In Remaining HIT Priorities for 2015, Payers, Not Patients, Will Get the Love
At this year's HIMSS conference, the patient engagement provision of Meaningful Use stage 2 was a major casualty. Is that a problem?
Another HIMSS conference has come and gone, and what do we know now that we didn't before?
Without even a hint of a new ICD-10 delay, I will go out on a limb and predict that the transition will occur as scheduled this October 1. Payers will love it. Providers will endure the pain and the vast majority will survive unscathed.
President and CEO of CHIME
Meaningful use stage 2 rules will be relaxed, as proposed in the CMS/ONC NPRM released just before HIMSS, to permit 90-day attestation in 2015, avoiding many payment penalties throughout healthcare. Providers will endure the pain of meeting the 90 days of compliance, and the vast majority will survive unscathed.
There has been a major casualty in HIT priorities, however. The patient engagement provision of MU stage 2 is being thrown under the bus by CMS and ONC, aided and abetted by providers.
You may recall that one provision of stage 2, as initially approved, was that providers demonstrate that 5% of their patients had viewed, downloaded, or transmitted some portion of their medical record. The provision was never popular with providers, but no one expected CMS and ONC to relax the requirement to a single patient. That's right—evidence of a single patient doing so will now be sufficient to attest for stage 2 through 2016, and if the provider chooses to, extended through 2017 as well, according to the new NPRM.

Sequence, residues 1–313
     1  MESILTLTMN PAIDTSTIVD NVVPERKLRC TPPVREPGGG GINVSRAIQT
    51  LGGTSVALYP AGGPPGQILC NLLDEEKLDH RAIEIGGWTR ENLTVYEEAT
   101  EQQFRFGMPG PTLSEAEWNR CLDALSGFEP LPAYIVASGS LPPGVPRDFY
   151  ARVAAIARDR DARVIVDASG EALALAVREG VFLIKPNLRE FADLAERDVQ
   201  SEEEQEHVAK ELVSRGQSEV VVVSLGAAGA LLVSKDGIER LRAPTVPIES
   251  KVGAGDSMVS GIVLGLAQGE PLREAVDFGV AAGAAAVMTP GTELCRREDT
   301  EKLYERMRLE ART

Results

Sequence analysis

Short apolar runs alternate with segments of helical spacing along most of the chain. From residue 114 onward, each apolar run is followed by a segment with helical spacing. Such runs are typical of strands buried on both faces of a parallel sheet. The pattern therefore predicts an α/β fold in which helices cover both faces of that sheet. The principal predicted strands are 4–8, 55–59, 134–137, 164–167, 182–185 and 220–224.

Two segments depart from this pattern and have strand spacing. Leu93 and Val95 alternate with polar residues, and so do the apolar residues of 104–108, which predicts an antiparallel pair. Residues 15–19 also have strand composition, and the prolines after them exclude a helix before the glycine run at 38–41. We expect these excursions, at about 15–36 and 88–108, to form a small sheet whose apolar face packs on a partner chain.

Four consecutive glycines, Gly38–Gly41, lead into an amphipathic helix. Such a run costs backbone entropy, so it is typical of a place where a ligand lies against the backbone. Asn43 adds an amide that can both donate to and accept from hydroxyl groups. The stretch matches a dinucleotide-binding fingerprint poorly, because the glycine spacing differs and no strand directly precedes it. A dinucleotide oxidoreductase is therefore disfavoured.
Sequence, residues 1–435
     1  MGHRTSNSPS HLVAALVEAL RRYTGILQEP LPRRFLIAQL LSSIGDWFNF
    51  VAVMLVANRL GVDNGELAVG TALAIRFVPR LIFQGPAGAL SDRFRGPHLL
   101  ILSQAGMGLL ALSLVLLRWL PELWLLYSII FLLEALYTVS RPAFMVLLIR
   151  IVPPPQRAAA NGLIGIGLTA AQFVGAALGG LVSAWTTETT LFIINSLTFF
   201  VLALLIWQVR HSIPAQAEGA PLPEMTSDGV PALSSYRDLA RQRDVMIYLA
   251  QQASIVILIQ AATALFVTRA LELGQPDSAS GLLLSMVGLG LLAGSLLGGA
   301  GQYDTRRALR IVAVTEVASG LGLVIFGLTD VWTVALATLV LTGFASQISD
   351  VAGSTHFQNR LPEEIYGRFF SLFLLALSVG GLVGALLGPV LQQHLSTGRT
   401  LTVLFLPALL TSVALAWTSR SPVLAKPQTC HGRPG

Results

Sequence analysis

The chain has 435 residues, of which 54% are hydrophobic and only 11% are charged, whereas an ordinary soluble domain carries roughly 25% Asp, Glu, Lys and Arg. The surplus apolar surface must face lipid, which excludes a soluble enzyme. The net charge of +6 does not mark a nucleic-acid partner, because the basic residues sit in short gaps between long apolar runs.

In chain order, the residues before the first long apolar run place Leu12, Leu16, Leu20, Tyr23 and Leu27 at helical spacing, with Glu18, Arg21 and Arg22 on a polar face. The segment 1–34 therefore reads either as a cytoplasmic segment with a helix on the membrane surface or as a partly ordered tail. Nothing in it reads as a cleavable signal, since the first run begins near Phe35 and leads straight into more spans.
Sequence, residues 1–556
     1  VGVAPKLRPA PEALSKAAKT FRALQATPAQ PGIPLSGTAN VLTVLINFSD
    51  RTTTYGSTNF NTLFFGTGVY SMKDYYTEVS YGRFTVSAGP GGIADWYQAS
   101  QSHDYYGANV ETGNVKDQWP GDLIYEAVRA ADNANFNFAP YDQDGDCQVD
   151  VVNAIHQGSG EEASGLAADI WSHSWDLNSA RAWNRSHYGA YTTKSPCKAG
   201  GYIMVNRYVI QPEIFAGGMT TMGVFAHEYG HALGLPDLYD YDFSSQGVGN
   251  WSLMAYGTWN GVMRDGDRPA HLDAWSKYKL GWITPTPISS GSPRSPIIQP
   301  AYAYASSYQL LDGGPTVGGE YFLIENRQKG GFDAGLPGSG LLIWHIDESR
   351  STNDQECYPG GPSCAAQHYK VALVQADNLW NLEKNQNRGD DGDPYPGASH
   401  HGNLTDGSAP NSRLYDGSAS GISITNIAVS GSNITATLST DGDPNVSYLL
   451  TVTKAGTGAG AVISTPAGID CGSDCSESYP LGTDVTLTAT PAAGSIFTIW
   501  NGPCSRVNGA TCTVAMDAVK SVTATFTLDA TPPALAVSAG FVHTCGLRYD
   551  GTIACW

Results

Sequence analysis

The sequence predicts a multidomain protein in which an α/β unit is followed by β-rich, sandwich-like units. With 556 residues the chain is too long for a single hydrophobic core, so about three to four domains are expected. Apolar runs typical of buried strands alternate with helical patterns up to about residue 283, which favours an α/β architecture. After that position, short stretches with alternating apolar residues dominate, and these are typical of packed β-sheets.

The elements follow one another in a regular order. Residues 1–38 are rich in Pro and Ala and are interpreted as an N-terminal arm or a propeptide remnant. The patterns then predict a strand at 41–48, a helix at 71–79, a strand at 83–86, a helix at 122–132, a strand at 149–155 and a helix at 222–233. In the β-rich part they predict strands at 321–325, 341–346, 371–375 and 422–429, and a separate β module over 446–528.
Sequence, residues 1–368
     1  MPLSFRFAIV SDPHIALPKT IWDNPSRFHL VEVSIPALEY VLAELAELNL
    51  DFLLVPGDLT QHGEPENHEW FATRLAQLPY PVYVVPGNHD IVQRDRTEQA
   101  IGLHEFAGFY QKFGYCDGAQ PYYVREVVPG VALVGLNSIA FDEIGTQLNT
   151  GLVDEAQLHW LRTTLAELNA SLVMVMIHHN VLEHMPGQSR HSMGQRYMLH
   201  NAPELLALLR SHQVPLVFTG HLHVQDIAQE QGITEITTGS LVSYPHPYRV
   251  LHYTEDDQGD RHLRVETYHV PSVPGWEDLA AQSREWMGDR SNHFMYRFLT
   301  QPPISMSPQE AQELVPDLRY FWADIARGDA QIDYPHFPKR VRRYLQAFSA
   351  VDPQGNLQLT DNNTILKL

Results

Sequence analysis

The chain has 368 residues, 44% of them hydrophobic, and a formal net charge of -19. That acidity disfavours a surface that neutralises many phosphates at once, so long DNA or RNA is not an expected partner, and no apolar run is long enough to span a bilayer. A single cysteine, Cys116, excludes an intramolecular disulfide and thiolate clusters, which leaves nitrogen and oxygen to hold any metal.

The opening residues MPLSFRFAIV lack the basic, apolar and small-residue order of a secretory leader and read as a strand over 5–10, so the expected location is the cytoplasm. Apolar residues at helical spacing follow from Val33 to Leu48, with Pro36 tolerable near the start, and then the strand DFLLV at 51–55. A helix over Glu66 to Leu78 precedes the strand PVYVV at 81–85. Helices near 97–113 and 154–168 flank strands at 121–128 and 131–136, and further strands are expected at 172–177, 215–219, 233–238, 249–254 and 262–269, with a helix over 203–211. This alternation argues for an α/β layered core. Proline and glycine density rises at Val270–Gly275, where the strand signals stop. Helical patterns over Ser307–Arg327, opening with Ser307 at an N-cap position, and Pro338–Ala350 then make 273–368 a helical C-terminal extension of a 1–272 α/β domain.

Patient advocates are livid, but CHIME CEO Russell Branzell says many patient records will remain inconsistent and incompletely downloaded while meaningful use is still a work in progress.
"I would love for [patient records] to be successful now," Branzell tells me. "With lack of patient matching, with lack of true data quality, some of what is occurring now is you're seeing data corruption and in some cases errors, because we haven't done some of the building blocks."
Thus the act of viewing, downloading, or transmitting a portion of the patient record, by itself, is often of little or no value, Branzell says. "Do I want [view, download, and transmit] now? I want it yesterday."
But what about patients with serious conditions who want to make sure that physicians down the line have the proverbial longitudinal record, which empowered patients or their caregivers strive to carry with them everywhere?